Take the 2-minute tour ×
Stack Overflow is a question and answer site for professional and enthusiast programmers. It's 100% free, no registration required.

I'm trying to decrypt a message that was encrypted using the RSA algorithm

enter image description here

The example from above is taken from Website, so I tried to implement it in C#:

int msg = 67;

int Ee = 5;
int Nn = 91;
int Dd = 29;

var cipher = Math.Pow(msg, Ee) % Nn;
var msg2 = Math.Pow(cipher, Dd) % Nn;

MessageBox.Show("Msg: " + msg.ToString() + " cipher: " + cipher.ToString() 
                   + " msg: " + msg2.ToString());

And the output is following:

Msg: 67 cipher: 58 msg: 45

As you can see - encryption works fine, but decryption isn't!

So I went and inspected the website and it turned out that Javaspript uses another formula:

function mod( m, n )
{           
    return m - n*Math.floor(m/n)
}
function PowerMod(x,p,N)
    // Compute x^p mod N
    {
        var A = 1
        var m = p
        var t = x

        while( m > 0 )
        {
            k = Math.floor( m/2 )
            r = m - 2*k
            if( r == 1 )
                A = mod( A*t, N )
            t = mod( t*t, N )
            m = k
        }           
        return A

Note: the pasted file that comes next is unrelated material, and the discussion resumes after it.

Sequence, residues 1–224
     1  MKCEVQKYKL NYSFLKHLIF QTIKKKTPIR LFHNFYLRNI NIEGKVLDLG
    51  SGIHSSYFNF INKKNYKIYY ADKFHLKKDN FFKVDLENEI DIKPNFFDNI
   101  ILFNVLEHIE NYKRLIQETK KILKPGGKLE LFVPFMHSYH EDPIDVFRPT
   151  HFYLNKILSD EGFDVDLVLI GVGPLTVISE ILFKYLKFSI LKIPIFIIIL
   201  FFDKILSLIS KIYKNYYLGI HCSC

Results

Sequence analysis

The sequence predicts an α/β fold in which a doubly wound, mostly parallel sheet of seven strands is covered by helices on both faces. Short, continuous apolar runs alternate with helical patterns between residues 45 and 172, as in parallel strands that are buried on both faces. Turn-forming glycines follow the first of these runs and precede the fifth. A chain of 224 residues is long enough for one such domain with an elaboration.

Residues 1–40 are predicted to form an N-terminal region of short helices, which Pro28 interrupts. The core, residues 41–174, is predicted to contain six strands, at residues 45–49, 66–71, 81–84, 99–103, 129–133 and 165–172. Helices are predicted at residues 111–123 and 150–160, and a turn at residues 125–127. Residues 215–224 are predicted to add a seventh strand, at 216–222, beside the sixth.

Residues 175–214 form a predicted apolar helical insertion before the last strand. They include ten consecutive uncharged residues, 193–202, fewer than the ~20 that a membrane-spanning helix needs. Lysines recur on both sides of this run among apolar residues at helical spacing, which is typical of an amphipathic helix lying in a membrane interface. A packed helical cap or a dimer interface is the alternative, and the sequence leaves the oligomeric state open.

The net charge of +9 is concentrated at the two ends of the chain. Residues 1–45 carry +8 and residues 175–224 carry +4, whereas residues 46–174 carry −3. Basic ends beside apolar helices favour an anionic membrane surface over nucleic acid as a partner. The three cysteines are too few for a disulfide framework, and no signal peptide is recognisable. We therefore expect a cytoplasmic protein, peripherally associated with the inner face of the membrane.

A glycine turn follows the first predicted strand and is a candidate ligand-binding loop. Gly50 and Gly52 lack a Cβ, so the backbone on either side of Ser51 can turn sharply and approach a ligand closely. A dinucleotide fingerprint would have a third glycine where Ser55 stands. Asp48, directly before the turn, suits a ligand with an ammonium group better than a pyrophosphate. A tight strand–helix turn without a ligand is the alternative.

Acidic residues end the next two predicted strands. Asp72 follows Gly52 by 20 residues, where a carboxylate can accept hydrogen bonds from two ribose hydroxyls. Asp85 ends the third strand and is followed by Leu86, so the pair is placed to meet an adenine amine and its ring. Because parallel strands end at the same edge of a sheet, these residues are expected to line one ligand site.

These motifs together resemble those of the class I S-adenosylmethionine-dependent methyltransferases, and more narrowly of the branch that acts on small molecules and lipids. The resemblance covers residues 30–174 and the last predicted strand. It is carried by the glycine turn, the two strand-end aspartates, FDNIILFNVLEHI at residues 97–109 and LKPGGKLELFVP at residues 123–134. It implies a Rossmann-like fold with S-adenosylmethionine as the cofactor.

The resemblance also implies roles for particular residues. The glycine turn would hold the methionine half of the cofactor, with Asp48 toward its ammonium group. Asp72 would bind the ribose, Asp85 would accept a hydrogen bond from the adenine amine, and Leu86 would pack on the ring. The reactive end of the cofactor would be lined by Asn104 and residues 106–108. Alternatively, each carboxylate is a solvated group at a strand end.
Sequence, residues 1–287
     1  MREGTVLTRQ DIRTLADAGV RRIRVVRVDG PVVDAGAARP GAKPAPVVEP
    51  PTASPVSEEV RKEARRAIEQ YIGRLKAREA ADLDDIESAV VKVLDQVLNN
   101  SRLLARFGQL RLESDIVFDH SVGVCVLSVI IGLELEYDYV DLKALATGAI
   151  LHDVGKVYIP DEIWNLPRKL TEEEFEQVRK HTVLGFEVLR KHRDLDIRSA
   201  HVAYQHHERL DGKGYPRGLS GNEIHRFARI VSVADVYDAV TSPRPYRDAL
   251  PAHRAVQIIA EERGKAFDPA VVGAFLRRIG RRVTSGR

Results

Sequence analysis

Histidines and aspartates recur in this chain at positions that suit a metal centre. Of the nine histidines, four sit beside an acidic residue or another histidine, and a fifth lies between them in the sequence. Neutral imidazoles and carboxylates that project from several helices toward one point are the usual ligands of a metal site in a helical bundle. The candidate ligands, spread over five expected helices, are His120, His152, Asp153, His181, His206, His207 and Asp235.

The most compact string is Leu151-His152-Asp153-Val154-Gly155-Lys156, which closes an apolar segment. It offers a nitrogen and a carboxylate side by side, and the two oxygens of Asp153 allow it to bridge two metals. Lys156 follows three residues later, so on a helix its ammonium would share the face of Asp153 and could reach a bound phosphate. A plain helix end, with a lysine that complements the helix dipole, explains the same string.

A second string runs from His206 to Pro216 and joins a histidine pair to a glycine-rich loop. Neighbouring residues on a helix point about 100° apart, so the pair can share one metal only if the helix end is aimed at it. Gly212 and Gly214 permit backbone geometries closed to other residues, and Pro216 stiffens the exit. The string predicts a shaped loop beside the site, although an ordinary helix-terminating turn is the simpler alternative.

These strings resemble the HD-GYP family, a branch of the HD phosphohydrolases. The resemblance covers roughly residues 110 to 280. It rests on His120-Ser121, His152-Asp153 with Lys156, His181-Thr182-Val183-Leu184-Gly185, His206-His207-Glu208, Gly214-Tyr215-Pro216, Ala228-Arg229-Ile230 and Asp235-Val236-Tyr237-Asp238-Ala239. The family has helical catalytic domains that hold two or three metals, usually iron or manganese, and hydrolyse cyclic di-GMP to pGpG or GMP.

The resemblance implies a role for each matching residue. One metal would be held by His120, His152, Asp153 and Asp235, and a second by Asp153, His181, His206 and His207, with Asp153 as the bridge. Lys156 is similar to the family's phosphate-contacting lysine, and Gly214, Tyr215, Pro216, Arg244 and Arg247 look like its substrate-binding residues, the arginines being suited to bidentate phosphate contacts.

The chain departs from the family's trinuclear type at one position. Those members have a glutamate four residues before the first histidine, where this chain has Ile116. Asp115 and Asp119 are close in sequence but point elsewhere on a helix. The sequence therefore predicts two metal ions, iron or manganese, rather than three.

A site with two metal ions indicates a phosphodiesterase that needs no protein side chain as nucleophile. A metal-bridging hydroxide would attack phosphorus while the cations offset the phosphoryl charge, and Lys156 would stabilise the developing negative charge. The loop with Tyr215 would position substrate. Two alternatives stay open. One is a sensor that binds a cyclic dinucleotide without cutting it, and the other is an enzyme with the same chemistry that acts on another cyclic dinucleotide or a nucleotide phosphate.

}

        var temp = ""
        var e = form.e.value
        var d = form.d.value
        var N = form.N.value
        var M = form.Msg.value

        form.Cipher.value = PowerMod(M,e,N)

        var C = form.Cipher.value
        form.Decipher.value = PowerMod(C,d,N)

Rather than copying and pasting ready formula - I'd like to know why my approach isn't working and i'd rather fix my formula than just rewrite JS. Any ideas on how to fix decryption?

share|improve this question
    
The easy to implement but insecure solution is BigInteger.ModPow –  CodesInChaos May 14 '13 at 5:48

2 Answers 2

up vote 3 down vote accepted

Your logic is correct, but Math.Pow() won't yield a precise result because 5829 is too large for it to handle. This is what ultimately breaks your algorithm. In practice, RSA keys are much larger than that, and computing b ^ e is simply not feasible.

The PowerMod() JavaScript function performs modular exponentiation (b ^ e % m) without loss of precision using the right-to-left binary method, which is why it works.

You can read more about it on Wikipedia article for modular exponentiation.

share|improve this answer

The cipher text is 58, and your decipher key is 29.

58^29 = really, really huge. Approximately 1.378516 * 10^51

I think your direct approach is overrunning the precision of the double data type used in Math.Pow. For a modulus divide, it's the least significant bits that matter the most, and those are precisely the ones that are being ignored/lost.

It looks to me like the javascript algorithm is collapsing the power operation and the mod operation together so the data always stays within easy reach of the precision of the underlying data types.

share|improve this answer

Your Answer

 
discard

By posting your answer, you agree to the privacy policy and terms of service.

Not the answer you're looking for? Browse other questions tagged or ask your own question.